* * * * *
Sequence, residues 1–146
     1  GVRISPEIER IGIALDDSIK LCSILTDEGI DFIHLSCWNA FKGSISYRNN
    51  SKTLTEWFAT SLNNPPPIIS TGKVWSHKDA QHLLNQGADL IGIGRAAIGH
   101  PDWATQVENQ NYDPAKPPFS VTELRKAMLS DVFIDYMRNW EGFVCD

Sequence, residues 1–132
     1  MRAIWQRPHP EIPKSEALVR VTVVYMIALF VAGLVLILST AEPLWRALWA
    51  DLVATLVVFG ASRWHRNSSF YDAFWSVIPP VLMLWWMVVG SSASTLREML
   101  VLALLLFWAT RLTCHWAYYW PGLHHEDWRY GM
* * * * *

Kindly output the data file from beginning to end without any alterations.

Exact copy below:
Sequence, residues 1–146
     1  GVRISPEIER IGIALDDSIK LCSILTDEGI DFIHLSCWNA FKGSISYRNN
    51  SKTLTEWFAT SLNNPPPIIS TGKVWSHKDA QHLLNQGADL IGIGRAAIGH
   101  PDWATQVENQ NYDPAKPPFS VTELRKAMLS DVFIDYMRNW EGFVCD

Sequence, residues 1–132
     1  MRAIWQRPHP EIPKSEALVR VTVVYMIALF VAGLVLILST AEPLWRALWA
    51  DLVATLVVFG ASRWHRNSSF YDAFWSVIPP VLMLWWMVVG SSASTLREML
   101  VLALLLFWAT RLTCHWAYYW PGLHHEDWRY GM